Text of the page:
Entheos – Experiencing the InfiniteMonday, 28th March 2016
Dead Rhetoric: I saw there was a video shoot going on, how’s it going?
Pugh: We wrapped up yesterday. I think it’s going to turn out pretty cool. There’s a lot of cool elements that are going to be thrown into the video that I haven’t really done before. It’s not a typical “warehouse video” or something like that. There’s a lot of things that will turn out in post [production] that will make it turn out cool. It went smooth though!
Dead Rhetoric: Everyone in the group seems to be pretty heavily involved with the Facebook page – does the interaction help with the buzz of a band?
Pugh: It helps in a way that people want to feel like they are a part of something that they like and enjoy instead of being attacked with merch and ticket sales. We really want to bring people into our world and experience it with us – help them join the party I guess. They can connect with us in a way that you can’t with most bands. If we are sitting there practicing, why not show people that we are out there working to be the best that we can be for them. We all work hard and we can share that with the fans. Part of being a successful band is to be a part of the fans and have a community. Especially in metal, it’s a small community anyway.
Dead Rhetoric: You’ll be heading out on tour with The Contortionist soon – what are you looking forward to?
Pugh: I personally haven’t met them [The Contortionist]. They played live in Nashville last year with Revocation and Fallujah and it was a great show. I heard they are cool dudes, and I’m looking forward to meeting everyone and just having a good time on the road. Usually my main concern on the road is to have a good time in general. It can be taxing, so the best you can do is try not to run into any problems, have a good time, and build friendships. I look forward to the experience – jamming with great musicians. That’s what it is all about for me.
Dead Rhetoric: What’s going to happen with your other projects, like A Loathing Requiem and Inferi, with Entheos now in the forefront?
Pugh: With Inferi, we are going to continue to write music. Mike [Low], the other guitar player, also has another project called Oubliette which he puts a lot of time into. Inferi is just me and him right now, so we just write when we can and keep the ball rolling. I know it’s slow, slower than people would like, but with as many projects as he and I have, it’s just one of those things that we have to take time with, in order to keep the music at the level that we want it to be. With A Loathing Requiem, it’s all me doing everything, so I’m not sure when I’ll get back to that. However, I do have an instrumental project in the works that I can’t really talk about, but I’m hoping to release something with that later this year. Same with Inferi; we are trying to work on a few songs, maybe an EP or something to release soon, just to make sure everyone knows we aren’t forgetting about them.
My main goal as a musician is to stay as busy as possible. I don’t really like to be focused on one project because I feel like you get stale. You don’t learn. I think that’s why I have been involved with so many things – because I want to continually grow and evolve as a player. If you do the same thing over and over, you start to plateau and go into a loop. So that’s a personal goal for me: to always continue to grow and branch out. Entheos is a perfect opportunity for that – very diverse musicians to play with, and the sky is the limit.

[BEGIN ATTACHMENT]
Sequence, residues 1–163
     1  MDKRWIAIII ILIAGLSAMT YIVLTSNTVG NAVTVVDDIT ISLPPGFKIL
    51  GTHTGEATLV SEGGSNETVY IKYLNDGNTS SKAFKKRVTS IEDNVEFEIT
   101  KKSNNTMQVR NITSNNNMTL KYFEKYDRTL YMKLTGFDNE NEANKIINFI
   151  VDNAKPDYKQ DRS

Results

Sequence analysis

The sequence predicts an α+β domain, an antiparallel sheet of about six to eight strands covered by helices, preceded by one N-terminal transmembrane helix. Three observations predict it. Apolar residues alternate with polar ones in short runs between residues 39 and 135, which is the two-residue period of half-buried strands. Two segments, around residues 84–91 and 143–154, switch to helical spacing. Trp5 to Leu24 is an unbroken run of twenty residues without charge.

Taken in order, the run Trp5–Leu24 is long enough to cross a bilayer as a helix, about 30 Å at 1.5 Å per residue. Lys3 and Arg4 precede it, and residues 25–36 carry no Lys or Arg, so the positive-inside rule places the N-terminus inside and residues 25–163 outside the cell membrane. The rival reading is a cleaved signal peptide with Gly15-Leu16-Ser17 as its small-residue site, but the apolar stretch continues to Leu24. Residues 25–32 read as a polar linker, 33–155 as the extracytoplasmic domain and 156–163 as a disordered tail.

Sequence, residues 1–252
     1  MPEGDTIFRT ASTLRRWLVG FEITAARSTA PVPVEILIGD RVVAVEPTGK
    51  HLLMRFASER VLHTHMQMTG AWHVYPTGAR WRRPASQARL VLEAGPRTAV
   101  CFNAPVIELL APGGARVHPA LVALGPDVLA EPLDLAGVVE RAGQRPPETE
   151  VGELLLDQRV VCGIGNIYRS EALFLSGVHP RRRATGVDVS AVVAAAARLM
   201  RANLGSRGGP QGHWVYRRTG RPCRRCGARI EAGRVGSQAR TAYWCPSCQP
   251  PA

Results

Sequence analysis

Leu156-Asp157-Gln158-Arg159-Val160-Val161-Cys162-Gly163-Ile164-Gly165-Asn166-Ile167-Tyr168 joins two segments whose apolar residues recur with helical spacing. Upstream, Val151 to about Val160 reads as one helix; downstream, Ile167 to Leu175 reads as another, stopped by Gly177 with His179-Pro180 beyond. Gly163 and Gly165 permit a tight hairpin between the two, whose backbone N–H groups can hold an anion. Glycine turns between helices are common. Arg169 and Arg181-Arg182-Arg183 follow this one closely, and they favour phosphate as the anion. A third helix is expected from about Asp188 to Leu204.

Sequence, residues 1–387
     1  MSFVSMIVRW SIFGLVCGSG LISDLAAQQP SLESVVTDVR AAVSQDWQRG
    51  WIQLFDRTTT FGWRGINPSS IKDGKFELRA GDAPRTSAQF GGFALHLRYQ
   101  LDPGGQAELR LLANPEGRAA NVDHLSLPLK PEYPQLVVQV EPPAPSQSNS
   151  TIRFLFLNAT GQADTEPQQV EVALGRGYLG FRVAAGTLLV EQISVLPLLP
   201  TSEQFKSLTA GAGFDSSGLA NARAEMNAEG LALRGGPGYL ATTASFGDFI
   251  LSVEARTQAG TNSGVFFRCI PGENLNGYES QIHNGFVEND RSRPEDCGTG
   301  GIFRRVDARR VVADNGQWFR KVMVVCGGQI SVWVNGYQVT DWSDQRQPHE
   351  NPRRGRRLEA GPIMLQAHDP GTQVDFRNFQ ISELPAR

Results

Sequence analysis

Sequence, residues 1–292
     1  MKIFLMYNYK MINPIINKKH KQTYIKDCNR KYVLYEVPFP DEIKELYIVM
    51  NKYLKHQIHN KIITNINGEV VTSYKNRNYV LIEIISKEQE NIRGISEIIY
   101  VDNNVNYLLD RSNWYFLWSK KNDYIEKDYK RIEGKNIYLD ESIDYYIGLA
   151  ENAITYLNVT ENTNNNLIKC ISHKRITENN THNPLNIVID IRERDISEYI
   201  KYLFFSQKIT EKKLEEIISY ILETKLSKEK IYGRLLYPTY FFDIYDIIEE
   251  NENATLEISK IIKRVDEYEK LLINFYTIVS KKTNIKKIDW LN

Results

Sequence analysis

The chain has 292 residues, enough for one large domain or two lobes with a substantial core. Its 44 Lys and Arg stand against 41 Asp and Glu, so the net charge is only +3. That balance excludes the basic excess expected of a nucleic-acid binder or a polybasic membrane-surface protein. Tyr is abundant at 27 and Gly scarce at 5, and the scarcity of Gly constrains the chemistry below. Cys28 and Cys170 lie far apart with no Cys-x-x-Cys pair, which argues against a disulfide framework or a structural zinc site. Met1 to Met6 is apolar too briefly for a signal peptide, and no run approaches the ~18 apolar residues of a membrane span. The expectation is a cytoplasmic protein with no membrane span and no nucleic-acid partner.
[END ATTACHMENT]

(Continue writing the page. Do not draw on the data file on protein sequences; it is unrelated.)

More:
Dead Rhetoric: You also run The Artisan Era label, which is basically for putting out your own stuff correct?
Pugh: Mike Low and I own the label. Originally when I started it, the goal was to release my own stuff. But we have branched out a little bit – there are some projects we are going to release that we will be announcing soon. We have Enfold Darkness on the label, and we are working on an album for them later this year. It’s going to be sick. That album – it’s hard to explain what it is. They’ve grown so much as a band and gone through so many trials and tribulations. When it comes out, people are going to have their minds blown. But The Artisan Era is a vessel for Mike and I to release our own music without having to conform to any labels, so we have our own thing and work towards something for ourselves.
Dead Rhetoric: So have you noticed much of a difference in putting everything out yourself versus being on Artery with Entheos?
Pugh: Obviously Mike and I do not have the same status as a label, which is fine with us. It’s just more comforting to know, it will be done the way we want, without compromising. With other labels, you have to deal with budgets and things like that. You are limited in a way, but with other labels you have the means to do more things for your band. The Artisan Era is for us, and with Entheos and Artery, it’s a different thing. It’s small versus not so small [laughs]. But it’s fun to be a part of both worlds, and also being able to take what you learn from being a band on a bigger label than your own, and grow and learn from it with your own business and operate in your own little hobby.
Dead Rhetoric: What’s happening outside of The Contortionist tour as 2016 continues along with Entheos?
Pugh: We are going to be trying to tour as much as we physically can. I don’t know when, but we would like to have some new material out, sooner than maybe people would expect. We’ll see how that goes. Like I said, Navene and I have a lot of material. We have a few songs written already. He plays guitar too – that in itself, having a drummer that plays guitar and is on the same level on both, it’s pretty beneficial, so we can produce everything fast. Plus, there is only four of us, so we can piece it together quicker than larger bands. So we will try to get some new music out there, maybe not this year though.
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